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Note that regardless of whether you trigger a table lock, a 1000+ record INSERT transaction will lock many pages in your indexes, and has a high risk of causing deadlocking or other problems. The good news is that your post does not seem to provide a business case for taking on a such a large transactional operation. The data source table is not going ...


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You might be getting lock escalation. This is when SQL Server replaces many fine-grained (row) locks with a single coarse-grained (table) lock to save system resources. This is most likely if you are processing many rows within a transaction. That link suggests some work-arounds.


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The only correct answer here is "It Depends". There are so many factors that come into play that you will just have do many runs with different parameters try to find what are the optimal settings for your system, and you can also play with locking hints if your table has indexes that are optimal for the search condition. There are some rules of thumb.. if ...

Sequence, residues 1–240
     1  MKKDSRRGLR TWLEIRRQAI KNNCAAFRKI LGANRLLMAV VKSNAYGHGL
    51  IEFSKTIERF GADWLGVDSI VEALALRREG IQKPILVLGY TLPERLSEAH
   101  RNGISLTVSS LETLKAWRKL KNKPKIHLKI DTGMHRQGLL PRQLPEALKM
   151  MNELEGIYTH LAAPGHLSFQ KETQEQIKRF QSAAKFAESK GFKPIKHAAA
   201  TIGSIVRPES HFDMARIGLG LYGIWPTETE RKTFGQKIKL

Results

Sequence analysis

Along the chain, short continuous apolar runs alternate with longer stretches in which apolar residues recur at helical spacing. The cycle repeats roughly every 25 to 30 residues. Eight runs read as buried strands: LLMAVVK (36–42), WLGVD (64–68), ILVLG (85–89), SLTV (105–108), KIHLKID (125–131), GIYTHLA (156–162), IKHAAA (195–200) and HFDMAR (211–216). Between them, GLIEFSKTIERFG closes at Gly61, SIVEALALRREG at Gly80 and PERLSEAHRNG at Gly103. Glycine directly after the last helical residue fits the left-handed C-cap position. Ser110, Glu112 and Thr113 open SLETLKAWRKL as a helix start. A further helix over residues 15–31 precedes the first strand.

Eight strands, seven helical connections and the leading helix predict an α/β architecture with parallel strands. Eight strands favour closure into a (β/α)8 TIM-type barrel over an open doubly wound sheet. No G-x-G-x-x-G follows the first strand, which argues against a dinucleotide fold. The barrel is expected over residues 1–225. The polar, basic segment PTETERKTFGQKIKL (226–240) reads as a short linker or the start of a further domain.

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There is the possibility that you are getting lock escalations onto the table level, or page locks on the clustered index page. A deadlock graph will show that, try starting a SQL Server trace grabbing just the Deadlock graphs from the server and check those You can also delete in batches which will improve concurrency and if the delete is handling large ...


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Try something like this: -Install SQL 2012 feature pack to get invoke-sqlcmd or change it to use sqlcmd. -You can just pass in the raw TSQL but I would turn it into a stored procedure and just pass that in. Something like: CREATE PROCEDURE [GetDeleteDate] AS select ArquivoServidor from tblExchange where DATEDIFF(day,LogDownload,GETDATE())>= 7 or ...



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